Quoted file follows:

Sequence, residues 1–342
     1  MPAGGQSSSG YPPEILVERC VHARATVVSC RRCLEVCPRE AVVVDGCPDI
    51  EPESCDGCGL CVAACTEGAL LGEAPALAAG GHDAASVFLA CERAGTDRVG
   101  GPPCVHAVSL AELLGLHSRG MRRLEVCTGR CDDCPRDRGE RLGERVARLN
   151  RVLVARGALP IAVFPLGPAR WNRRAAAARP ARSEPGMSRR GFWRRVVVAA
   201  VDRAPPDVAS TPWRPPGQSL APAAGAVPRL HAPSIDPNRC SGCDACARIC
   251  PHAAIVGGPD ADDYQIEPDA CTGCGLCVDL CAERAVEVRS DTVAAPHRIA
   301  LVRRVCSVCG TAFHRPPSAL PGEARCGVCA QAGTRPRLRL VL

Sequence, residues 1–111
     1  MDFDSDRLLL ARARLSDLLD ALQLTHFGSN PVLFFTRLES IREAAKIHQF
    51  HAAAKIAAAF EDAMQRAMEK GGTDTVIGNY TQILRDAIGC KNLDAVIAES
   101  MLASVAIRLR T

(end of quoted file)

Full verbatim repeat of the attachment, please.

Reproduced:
Sequence, residues 1–342
     1  MPAGGQSSSG YPPEILVERC VHARATVVSC RRCLEVCPRE AVVVDGCPDI
    51  EPESCDGCGL CVAACTEGAL LGEAPALAAG GHDAASVFLA CERAGTDRVG
   101  GPPCVHAVSL AELLGLHSRG MRRLEVCTGR CDDCPRDRGE RLGERVARLN
   151  RVLVARGALP IAVFPLGPAR WNRRAAAARP ARSEPGMSRR GFWRRVVVAA
   201  VDRAPPDVAS TPWRPPGQSL APAAGAVPRL HAPSIDPNRC SGCDACARIC
   251  PHAAIVGGPD ADDYQIEPDA CTGCGLCVDL CAERAVEVRS DTVAAPHRIA
   301  LVRRVCSVCG TAFHRPPSAL PGEARCGVCA QAGTRPRLRL VL

Sequence, residues 1–111
     1  MDFDSDRLLL ARARLSDLLD ALQLTHFGSN PVLFFTRLES IREAAKIHQF
    51  HAAAKIAAAF EDAMQRAMEK GGTDTVIGNY TQILRDAIGC KNLDAVIAES
   101  MLASVAIRLR T